Seeing the "There are currently no power options available" message when trying to access the power options menu in Windows via the Start menu can be a little daunting. You won't be able to use the "Restart," "Shutdown," "Sleep," and "Hibernate" commands as expected. This guide provides five fixes to bring the power options back after seeing that message in Windows.
Good to know: if your computer is not going to sleep mode even after being idle for quite some time, we have a few solutions.
Quick Fixes to Try First
Sometimes you can easily fix Windows problems without going down the troubleshooting rabbit hole. To get those power options back quickly, try these simple but potentially effective fixes:
- Use the Power Troubleshooter: run the Power Troubleshooter to scan your Windows PC for any power configurations that are causing problems, including the ones that can make the power options unavailable, and get them fixed.
- Fix corrupted system files: if the problem is the result of corrupted system files, running the System File Checker (SFC) is the quickest way to resolve the issue.
1. Reset the Current Power Plan
If the quick fixes didn't work for you, maybe resetting the power plan will. A reset can revert any harmful changes to the power plan's configuration and potentially get rid of the "There are currently no power options available" error.
- Right-click Start, and select "Terminal (Admin)" from the menu.
- Click "Yes" on the UAC warning to let Terminal make changes to your PC.
- Enter the below command in the PowerShell tab, which is usually the default tab when you launch Terminal, and hit Enter.
- Check whether the power options are available.
Tip: get up to speed with these essential PowerShell commands you should know!
2. Use the Local Group Policy Editor
There's a policy in the Local Group Policy Editor that may be enabled. If it is, it's probably the reason you can't access the power options.
- Press Win + R to launch the Run window, enter "gpedit.msc" in the text box, and click "OK."
- Navigate to the "User Configuration -> Administrative Templates -> Start Menu and Taskbar" folder.
- On the right side, look in the "State" column for the "Remove and prevent access to the Shut Down, Restart, Sleep, and Hibernate commands" policy. If it says "Enabled," double-click the policy to edit it.
- Click on the "Disabled" radio button, then click "OK."
3. Go Through the Registry Editor
The Registry Editor also includes a key that can disable the power options. Check to make sure it has the right value.
- Launch the Run window, enter "regedit" in the text box, and click "OK."
- Click "Yes" to allow the Registry Editor to make changes to your PC.
- Navigate to the "HKEY_CURRENT_USER -> Software -> Microsoft -> Windows -> CurrentVersion -> Policies -> Explorer" key, then double-click the "NoClose" value.
- Enter 0 in the "Value data" text box, and click "OK."
- If the "NoClose" value is not there, create it by right-clicking the "Explorer" key in the right panel and selecting "New -> DWORD (32-bit) Value."
- Name the value you just created "NoClose." You don't need to open it up for editing if you just created it, as "Value data" will already be "0."
- Check whether the power options have returned.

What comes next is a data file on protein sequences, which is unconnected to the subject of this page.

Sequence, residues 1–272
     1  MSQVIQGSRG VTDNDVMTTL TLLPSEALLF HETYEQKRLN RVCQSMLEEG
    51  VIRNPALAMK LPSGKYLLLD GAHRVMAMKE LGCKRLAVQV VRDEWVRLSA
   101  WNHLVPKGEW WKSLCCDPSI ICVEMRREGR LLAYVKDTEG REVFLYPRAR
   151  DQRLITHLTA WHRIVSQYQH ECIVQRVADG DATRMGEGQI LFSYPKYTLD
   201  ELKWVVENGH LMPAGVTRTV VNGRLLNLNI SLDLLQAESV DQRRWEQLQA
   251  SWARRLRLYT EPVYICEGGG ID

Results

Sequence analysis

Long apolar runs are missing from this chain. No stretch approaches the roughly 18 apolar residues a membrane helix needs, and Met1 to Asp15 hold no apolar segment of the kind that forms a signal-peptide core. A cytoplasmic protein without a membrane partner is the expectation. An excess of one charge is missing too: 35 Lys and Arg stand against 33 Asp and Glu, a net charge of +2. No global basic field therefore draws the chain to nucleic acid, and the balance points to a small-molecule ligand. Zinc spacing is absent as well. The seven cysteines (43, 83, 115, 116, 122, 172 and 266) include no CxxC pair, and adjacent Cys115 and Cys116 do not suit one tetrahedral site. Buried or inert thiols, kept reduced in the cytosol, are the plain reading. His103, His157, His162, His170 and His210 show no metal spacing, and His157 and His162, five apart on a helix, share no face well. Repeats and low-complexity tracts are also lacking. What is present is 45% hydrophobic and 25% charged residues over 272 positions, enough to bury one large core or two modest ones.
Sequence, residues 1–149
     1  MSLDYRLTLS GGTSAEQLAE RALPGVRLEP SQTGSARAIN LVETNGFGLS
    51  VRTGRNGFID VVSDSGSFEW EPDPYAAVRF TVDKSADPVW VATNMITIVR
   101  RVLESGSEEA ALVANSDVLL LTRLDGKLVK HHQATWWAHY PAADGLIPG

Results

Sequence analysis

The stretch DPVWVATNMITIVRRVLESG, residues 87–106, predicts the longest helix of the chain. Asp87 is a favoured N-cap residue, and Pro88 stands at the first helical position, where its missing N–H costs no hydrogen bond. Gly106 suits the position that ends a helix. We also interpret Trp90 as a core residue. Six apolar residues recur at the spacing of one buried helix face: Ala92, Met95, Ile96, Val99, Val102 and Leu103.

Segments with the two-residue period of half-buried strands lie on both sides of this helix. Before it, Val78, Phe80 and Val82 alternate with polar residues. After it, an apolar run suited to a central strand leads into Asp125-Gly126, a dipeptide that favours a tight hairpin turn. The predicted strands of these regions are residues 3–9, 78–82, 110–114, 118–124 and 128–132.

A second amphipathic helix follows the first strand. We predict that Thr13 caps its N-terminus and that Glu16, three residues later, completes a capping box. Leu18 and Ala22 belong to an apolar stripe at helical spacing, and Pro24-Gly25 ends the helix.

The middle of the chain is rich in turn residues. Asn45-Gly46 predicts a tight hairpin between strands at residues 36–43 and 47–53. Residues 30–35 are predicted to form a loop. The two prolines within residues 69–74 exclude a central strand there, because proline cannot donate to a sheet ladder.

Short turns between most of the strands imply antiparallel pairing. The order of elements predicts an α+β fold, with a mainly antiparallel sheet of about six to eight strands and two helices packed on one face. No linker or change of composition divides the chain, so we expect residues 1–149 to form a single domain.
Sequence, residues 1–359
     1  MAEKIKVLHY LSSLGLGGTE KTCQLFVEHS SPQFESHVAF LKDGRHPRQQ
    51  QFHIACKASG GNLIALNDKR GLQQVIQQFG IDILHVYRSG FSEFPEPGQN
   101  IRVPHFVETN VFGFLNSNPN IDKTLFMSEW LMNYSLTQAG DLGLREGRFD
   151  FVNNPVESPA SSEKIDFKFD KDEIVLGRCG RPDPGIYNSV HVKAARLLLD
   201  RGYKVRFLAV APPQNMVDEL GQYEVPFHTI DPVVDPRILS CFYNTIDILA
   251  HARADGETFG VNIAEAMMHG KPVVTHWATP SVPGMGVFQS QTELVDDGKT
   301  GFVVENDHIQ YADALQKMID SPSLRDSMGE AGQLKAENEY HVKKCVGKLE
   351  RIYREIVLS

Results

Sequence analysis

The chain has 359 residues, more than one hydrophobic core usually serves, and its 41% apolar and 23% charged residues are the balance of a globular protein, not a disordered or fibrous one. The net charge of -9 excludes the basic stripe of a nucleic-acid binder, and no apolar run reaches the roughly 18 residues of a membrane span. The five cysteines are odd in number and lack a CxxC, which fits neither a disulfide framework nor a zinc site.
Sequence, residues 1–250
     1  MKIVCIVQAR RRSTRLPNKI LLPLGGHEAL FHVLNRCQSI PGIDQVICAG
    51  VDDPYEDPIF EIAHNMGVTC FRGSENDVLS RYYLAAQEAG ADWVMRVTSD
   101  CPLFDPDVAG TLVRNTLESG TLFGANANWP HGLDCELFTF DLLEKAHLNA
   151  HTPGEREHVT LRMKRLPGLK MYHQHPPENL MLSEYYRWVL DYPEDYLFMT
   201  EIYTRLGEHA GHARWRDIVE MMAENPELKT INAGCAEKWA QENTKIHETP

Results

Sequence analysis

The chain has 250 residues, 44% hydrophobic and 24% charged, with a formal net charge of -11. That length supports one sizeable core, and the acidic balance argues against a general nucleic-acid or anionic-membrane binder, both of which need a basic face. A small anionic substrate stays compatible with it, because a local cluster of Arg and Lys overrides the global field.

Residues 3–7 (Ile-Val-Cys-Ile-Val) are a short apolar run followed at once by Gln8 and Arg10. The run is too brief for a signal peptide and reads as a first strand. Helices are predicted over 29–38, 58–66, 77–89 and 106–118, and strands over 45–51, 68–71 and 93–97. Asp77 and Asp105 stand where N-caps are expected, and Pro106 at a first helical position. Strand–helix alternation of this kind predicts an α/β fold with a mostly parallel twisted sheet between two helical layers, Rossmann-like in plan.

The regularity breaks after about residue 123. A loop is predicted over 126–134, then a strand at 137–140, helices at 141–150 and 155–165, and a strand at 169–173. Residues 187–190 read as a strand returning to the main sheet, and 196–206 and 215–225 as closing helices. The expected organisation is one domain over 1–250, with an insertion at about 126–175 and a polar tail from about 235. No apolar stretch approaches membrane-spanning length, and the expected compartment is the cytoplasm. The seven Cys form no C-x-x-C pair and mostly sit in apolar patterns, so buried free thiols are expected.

Tip: learn how to back up and restore the registry in case something goes wrong while you're tweaking it.
4. Check the Local Security Policy Editor
If there's a problem with the configuration of the security policy that handles access to power options, it could lead to them being unavailable. Fix this issue in the Local Security Policy Editor.
- You'll need to know the full name of your profile. Learn what it is by pressing Win + R to launch the Run window, entering "control panel," and clicking "OK" to open Control Panel.
- Navigate to "User Accounts."
- Click on the "Configure advanced user profile properties" link on the left.
- Take note of the full name of your profile in the "User Profiles" window.
- Press Win + R to bring up the Run window, enter "secpol.msc" in the text box, and click "OK" to open the Local Security Policy Editor.
- Go to the "Local Policies -> User Rights Assignment" folder in the left panel, then double-click the "Shut down the system" policy in the right panel.
- Select "Backup Operators," and click "Add User or Group" in the next window.
- Enter the full name of your profile, click the "Check Names" button, then click "OK."
- Click "OK" to close the window.
- Restart your Windows PC, and check whether you can access the power options.
FYI: if you get the message "This installation is forbidden by system policy" on your PC, try these fixes.
5. Reset Your Windows Installation
If you have tried all the steps above and still don't have access to the power options in Start, then resetting your Windows PC may do the trick. This will return Windows to the settings it had when you first installed it.
If you think that's too drastic, you can opt to do a System Restore instead. This uses a restore point to revert the system's state to that of a previous point in time when the power options were still available.
Regain Access to Power Options on Windows
If you can't access the power options in Start, it means you can't easily shut down, restart, or hibernate your computer, or put it to sleep. The fixes outlined in this guide should help you get to the bottom of the issue to return to normal use of the power options. When they become available again, learn whether it's better to shut off your PC entirely when you're done using it or just put it to sleep. Also, learn how to prevent Windows from waking up from sleep.
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